Iran confirmed Tuesday that it arrested Fariba Adelkhah, a prominent French-Iranian academic, but refused to provide details on her situation.
"This person was detained recently ... but due to the nature of the case, this is not the proper time to give any information about it," said Gholamhossein Esmaili, a spokesman for Iran's judiciary. "More transparent information will be provided as the case progresses."
Esmaili's comments came one day after the French Foreign Ministry publicized the arrest, which occurred last month, and said that Iranian authorities have denied Adelkhah, a researcher at the Paris Institute of Political Studies, contact with French consular staff.
"France calls on the Iranian authorities to shed full light on Mrs Adelkhah's situation and repeats its demands, particularly with regard to an immediate authorization for consular access," the ministry said in a statement.
"French authorities in this difficult context have taken steps with Iranian authorities to get information from them on her situation and the conditions of her arrest and asked for consular access," added Agnes von der Muhll, a spokeswoman for the ministry. "No satisfactory response has been given to these requests."
French president Emmanuel Macron told a news conference in Belgrade that he was worried about the arrest of the 60-year-old anthropologist and is waiting for "clarifications" from Hassan Rouhani, his Iranian counterpart, about the situation.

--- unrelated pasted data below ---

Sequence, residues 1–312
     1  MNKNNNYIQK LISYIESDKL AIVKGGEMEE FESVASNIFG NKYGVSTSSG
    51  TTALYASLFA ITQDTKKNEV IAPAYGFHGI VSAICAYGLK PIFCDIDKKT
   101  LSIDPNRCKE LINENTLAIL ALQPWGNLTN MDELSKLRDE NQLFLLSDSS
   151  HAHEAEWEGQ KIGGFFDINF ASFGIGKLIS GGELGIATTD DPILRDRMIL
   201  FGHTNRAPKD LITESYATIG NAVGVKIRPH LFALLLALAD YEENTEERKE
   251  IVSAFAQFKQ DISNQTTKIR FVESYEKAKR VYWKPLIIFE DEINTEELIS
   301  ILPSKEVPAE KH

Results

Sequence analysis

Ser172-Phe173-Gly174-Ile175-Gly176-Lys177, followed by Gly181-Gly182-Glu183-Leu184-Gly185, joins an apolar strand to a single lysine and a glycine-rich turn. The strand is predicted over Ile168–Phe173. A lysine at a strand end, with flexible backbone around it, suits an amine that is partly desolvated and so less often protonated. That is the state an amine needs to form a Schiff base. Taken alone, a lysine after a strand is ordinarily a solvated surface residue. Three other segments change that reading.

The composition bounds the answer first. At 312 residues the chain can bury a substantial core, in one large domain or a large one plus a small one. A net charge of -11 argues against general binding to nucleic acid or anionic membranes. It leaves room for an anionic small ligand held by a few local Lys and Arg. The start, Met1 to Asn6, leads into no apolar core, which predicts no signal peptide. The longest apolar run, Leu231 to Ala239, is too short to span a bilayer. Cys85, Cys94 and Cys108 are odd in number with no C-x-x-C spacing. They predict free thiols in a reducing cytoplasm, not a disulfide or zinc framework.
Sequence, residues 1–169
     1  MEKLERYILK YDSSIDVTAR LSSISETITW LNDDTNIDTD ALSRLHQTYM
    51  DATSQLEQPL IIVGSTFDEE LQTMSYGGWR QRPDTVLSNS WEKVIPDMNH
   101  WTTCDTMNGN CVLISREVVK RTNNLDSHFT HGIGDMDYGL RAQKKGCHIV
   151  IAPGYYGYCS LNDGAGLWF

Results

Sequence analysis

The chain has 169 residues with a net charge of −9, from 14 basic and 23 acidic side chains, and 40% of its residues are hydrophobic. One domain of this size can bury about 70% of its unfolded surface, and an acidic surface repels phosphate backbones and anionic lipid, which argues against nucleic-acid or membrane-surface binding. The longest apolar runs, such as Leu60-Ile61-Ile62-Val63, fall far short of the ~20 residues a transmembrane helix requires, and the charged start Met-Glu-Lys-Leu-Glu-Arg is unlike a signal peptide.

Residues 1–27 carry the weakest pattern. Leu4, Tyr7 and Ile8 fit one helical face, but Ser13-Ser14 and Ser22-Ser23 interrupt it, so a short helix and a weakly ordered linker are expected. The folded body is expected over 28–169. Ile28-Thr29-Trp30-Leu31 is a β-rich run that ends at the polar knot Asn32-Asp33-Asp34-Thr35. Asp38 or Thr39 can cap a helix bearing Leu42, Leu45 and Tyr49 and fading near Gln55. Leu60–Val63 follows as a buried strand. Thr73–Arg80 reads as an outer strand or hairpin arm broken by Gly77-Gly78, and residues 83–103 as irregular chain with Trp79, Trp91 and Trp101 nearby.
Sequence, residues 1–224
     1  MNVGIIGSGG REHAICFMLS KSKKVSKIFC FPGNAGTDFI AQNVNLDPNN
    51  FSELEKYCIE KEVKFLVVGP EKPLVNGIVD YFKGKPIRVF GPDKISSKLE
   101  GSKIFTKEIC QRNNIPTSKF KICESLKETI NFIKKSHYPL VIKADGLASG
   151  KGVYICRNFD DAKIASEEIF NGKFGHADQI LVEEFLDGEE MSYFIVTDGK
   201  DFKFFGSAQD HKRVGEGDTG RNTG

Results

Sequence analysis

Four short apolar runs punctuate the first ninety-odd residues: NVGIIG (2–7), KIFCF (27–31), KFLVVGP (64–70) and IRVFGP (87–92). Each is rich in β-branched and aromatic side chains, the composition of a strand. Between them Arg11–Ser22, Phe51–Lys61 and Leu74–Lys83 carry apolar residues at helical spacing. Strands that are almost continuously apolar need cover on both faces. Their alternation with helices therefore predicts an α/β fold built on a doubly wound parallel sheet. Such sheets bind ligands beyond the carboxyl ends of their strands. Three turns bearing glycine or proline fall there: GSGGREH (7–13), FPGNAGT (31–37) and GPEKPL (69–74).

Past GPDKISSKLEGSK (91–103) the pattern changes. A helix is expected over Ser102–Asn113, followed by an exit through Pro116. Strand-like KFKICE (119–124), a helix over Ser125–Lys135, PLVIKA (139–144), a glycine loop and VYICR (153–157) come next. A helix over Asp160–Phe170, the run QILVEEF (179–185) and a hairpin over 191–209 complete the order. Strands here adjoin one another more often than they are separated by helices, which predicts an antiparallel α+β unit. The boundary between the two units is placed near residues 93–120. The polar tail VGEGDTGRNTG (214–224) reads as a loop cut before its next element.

"No explanations at this stage have been given to me to explain in a valid way this arrest," said Macron, who is scheduled to speak with Rouhani this week.
Iran's Islamic Revolutionary Guard Corps arrested Adelkhah, a prolific author and one of France's leading experts on Iran, in late June "on probable charges of espionage," according to IranWire, a news site run by Iranian expats. The report added that Adelkhah has been interrogated for three weeks and had been living in Iran for the last few months to conduct research.
In recent years, Iranian authorities have arrested several dual nationals, including Americans, on charges of espionage. In 2017, for example, Iran sentenced American academic Xiyue Wang to 10 years in prison for spying.
Experts say the arrests are based on false charges and used to increase Iran's leverage in negotiations with other countries. Tehran dismisses such claims.
Adelkhah's arrest comes at a time when Macron and other European leaders are trying to salvage the nuclear deal with Iran, which violated some of the accord's terms earlier this month. President Trump withdrew the United States from the agreement last year.
Anger in Paris over the arrest could undermine French efforts to save the deal, which placed temporary limits on Iran's nuclear program in exchange for relief from sanctions.